The prospects for hydrocarbon production on the British mainland seem stronger than ever. On 10 April, Professor Richard Davies of Durham University's Energy Institute published a paper stating that fracking is not a significant source of detectible seismic events. Meanwhile, over the last year, there has been a series of leaks of the forthcoming report by the British Geological Survey which is to raise the UK’s estimated reserves of shale gas by some 300 times.
This is welcome news as it paves the way for a secure, domestic, low-cost solution to the thorny problem of replacing the UK’s obsolescent capacity to generate electricity, with a low-carbon footprint feedstock. Many of the deposits are in the North, which would benefit from the investment; but they are also present in the south. In order to make the most of the opportunity, new policy is in order.
HMG is trailing plans to share revenues to incentivise local authorities to welcome oil development. This is very much on the right track, though I would go further: let programs be configured to encourage local authorities to compete for funding, so that they share (say) ten percent of incremental tax receipts; and bid against each other for a further ten percent for development or remediation.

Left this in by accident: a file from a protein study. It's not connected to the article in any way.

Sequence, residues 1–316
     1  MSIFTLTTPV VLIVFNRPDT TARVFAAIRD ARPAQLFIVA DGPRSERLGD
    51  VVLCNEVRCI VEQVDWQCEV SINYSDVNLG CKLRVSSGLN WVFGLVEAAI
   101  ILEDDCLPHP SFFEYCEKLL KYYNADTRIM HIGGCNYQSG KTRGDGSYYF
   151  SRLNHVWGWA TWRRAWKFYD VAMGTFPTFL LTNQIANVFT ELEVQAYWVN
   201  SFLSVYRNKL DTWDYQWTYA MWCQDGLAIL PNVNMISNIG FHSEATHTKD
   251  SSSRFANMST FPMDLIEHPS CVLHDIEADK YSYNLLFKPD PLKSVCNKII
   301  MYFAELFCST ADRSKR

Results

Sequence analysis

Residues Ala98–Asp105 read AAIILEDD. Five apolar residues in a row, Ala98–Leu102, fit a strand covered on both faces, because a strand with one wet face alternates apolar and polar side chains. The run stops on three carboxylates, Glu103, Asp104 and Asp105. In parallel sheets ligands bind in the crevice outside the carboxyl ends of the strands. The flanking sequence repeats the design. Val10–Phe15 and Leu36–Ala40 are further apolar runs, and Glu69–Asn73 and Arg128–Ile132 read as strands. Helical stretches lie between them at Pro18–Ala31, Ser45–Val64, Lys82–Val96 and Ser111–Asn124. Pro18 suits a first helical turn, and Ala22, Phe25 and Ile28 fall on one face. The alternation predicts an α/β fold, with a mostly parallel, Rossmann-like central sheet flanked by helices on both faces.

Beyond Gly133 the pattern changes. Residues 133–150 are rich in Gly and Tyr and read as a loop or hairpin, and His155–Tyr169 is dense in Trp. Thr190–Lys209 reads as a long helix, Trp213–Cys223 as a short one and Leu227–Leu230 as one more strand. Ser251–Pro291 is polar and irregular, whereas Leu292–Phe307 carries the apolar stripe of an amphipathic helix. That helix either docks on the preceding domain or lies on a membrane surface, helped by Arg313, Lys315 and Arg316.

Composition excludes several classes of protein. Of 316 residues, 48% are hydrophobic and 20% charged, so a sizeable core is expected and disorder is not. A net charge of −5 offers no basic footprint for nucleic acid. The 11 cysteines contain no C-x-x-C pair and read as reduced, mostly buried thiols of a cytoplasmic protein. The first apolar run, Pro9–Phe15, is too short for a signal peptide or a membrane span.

The Petroleum Act (1934) appropriated subterranean hydrocarbon rights from the land-owner to the Crown, at odds with other mineral rights. This anomaly was theoretical until now, as no substantial deposits had been discovered. In light of new technologies we need to reverse this policy which was recapitulated in the Petroleum Act (1998). The clauses concerned should be repealed so that the interests of land-owners are aligned with the public interest in low-cost energy.
This takes us to taxation. Oil prospecting is beset by a complex of penal taxes, compensating exemptions plus a history of opportunistic impositions. All of this adds to investment uncertainty. HMG should set itself to remove fiscal risk from the investment equation, by introducing a regime of simplified tax treatment for newly-lifted deposits of land-based hydrocarbons, to which it commits itself for at least the next ten years.